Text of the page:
Kerry: Mine was rhyming poetry. I've learned a lot since then.
Kristina: I won a contest for mine in sixth grade lol
michelle: i have one free verse poem i wrote a couple years ago.
Kerry: So cool. We'll have to post both of yours!
michelle: noooooooo, not mine...we can post Kris'
Kristina: I still have it!
Kerry: I'd love to read it.
michelle: i want to read it!
Kristina: I'll let you read it! But I prefer we don't post it. lol
michelle: weren't there just so many parts in this book that broke your heart?
Kerry: For sure.
Kristina: Yes. I felt like I was Ha as I read it. I could feel her pain.
Kerry: But Ha's, the MC, take on it was so heartwarming. Even with the pink boy who was a bully.
michelle: she was very spunky through hard times
Kerry: Yes, and I still wanted to reach through the pages and hug her though.
Kristina: I loved the insight into the Vietnamese culture, how she saw things when she arrived in the U.S.
michelle: me too, Ker and Kris
Kerry: And the fact that as hard as things were in Vietnam at the time, she preferred it over peace time in the U.S.
Kerry: It's who she was.
Kristina: Yes, that really got me, too, that no matter how bad things were, she loved home.
Kerry: It was home.
michelle: it was home and everything here was so different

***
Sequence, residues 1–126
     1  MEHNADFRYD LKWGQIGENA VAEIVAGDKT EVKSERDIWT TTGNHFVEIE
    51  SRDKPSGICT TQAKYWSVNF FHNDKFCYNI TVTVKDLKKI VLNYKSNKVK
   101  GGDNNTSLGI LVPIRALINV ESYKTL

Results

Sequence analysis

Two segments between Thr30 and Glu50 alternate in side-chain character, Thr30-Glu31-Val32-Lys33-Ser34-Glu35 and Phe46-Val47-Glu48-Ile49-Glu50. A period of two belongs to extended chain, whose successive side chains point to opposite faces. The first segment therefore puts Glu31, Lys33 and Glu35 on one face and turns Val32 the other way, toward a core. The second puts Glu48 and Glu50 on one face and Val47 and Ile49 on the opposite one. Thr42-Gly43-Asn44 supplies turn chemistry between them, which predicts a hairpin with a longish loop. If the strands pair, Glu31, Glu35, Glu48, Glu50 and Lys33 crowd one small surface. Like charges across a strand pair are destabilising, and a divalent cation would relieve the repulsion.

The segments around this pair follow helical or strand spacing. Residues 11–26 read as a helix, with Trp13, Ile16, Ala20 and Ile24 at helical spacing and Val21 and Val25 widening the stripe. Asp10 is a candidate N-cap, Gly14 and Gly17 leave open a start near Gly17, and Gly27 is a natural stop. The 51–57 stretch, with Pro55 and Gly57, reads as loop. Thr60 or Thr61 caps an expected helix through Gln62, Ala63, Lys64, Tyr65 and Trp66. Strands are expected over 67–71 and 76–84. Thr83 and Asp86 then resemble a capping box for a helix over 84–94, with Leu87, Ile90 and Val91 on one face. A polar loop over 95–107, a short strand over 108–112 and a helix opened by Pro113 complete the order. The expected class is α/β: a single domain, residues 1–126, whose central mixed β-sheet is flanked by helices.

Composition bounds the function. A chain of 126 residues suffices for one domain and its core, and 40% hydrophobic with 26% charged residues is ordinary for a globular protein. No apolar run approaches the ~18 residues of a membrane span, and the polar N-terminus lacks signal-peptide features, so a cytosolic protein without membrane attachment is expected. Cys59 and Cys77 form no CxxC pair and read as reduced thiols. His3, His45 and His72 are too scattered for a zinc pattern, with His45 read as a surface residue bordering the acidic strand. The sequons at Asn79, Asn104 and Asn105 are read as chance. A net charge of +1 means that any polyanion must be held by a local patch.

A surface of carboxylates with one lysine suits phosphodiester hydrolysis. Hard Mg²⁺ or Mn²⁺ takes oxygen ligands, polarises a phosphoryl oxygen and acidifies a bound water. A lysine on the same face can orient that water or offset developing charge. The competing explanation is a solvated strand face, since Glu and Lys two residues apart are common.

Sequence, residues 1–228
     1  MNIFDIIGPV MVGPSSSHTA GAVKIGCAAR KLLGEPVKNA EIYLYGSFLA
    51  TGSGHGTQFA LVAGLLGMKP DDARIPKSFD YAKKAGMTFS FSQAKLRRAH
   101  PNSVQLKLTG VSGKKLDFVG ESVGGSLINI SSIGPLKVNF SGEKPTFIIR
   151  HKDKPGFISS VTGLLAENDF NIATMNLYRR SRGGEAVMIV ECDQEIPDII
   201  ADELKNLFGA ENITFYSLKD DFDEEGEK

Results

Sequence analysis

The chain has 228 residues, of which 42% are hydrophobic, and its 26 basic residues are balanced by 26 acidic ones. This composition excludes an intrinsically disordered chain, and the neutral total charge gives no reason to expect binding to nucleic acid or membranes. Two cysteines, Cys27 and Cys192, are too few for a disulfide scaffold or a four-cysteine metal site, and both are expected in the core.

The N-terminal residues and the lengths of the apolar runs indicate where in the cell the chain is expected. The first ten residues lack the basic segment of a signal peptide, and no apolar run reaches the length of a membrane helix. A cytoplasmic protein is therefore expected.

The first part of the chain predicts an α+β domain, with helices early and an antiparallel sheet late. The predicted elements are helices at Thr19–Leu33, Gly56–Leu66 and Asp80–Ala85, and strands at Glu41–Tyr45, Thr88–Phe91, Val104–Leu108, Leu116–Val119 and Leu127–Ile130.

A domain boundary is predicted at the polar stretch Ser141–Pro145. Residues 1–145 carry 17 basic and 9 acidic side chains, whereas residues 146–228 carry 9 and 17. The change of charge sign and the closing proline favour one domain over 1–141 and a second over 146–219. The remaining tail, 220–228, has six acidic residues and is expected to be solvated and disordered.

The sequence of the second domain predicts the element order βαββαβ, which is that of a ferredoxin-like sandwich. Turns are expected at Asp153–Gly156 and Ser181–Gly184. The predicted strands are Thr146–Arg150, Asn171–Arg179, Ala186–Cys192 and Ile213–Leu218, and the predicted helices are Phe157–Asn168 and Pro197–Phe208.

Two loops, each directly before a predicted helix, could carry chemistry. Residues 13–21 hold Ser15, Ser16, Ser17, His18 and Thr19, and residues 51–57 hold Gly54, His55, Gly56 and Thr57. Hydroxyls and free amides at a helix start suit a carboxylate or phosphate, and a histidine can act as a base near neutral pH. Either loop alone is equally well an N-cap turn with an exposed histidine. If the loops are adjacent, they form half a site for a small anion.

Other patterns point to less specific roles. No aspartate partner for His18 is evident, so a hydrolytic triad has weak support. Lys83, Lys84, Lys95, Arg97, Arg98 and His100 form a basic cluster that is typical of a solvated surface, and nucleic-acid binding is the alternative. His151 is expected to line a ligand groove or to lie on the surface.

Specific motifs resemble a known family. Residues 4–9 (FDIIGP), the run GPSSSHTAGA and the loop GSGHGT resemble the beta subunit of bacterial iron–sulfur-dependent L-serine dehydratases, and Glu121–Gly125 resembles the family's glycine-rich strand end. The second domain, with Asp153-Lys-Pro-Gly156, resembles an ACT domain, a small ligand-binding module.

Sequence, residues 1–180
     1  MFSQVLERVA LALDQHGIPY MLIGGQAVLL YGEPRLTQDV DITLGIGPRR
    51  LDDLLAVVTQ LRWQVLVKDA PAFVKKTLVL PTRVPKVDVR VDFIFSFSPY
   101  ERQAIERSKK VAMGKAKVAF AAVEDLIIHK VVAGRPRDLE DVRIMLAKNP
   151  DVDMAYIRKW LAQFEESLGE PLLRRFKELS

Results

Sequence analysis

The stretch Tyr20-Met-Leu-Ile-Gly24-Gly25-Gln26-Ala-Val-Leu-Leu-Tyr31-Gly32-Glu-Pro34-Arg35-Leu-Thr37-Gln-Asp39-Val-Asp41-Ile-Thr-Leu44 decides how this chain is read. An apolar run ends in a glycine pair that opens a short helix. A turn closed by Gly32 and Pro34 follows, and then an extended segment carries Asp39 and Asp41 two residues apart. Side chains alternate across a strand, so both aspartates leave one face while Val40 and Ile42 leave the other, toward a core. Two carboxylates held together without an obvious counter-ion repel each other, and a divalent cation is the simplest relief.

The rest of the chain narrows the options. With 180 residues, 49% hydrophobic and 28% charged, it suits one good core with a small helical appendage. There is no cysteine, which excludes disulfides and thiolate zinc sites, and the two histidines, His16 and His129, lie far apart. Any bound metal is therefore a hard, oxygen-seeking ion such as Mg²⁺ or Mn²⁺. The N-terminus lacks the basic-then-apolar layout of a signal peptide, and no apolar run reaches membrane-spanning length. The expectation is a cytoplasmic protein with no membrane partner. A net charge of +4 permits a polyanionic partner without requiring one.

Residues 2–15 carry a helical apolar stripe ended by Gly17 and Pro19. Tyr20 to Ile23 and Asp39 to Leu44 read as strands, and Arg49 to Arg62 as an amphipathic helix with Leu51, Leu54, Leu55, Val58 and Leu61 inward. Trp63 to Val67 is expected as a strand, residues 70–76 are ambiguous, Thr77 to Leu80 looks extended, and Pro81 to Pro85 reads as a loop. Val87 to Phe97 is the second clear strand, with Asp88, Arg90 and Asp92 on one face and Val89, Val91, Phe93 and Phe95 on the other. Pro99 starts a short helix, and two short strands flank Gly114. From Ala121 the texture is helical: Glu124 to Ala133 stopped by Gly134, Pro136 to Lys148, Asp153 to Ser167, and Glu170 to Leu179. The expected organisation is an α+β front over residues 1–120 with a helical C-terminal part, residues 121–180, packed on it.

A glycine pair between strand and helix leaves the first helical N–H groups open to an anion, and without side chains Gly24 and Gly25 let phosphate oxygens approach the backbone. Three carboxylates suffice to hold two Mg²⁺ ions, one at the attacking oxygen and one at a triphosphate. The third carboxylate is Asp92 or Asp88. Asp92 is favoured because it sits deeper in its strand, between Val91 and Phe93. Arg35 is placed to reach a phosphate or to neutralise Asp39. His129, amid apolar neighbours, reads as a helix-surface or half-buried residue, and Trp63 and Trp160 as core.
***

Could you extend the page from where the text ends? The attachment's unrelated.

Kerry: jinx both of you
Kristina: It was interesting to see her point of view on the food, on school.
michelle: it was wonderful when miss washington gave her the photo album from her son!
Kristina: I loved that part, too, M.
Kerry: Thank goodness for Miss Washington.
michelle: especially compared to the pictures from vietnam that her teacher had shown at school
Kristina: Miss Washington was a fabulous character.
michelle: i <3 miss washington
Kristina: Me, too!
Kerry: She made Ha feel okay just as she was. I was upset by the rest of the town that wouldn't accept Ha's family until they agreed to be baptized in a church that meant nothing to them.
michelle: so sad
Kristina: I know. I really felt for them.
michelle: you know the picture the teacher showed...is really famous, right?
michelle: but definitely not what Ha would want to see!
Kerry: Awful and mean-spirited to show that.
Kristina: Yes, that's another thing I love about this book, it is like living that part of history in real time.
Kerry: As you all know by now...historical fiction = my fave genre! Lots of sadness, yet triumphs in them too.
michelle: What did you guys think was the saddest part?
Kerry: This may sound shallow bc there were some bigger issues, but I was heartbroken over the brother's chick that died. For me, it was all about the hope.
Kerry: Then it was gone
michelle: me too. broke my heart
Kristina: There were a lot of sad parts, maybe the saddest was about their father near the end.
Kerry: Yeah, Kris, I get that. But part of me thinks deep down they always knew.
Kristina: You're right.
michelle: and another sad part was when she's with miss washington and she tells her I eat lunch in bathroom and then corrects it by adding "the"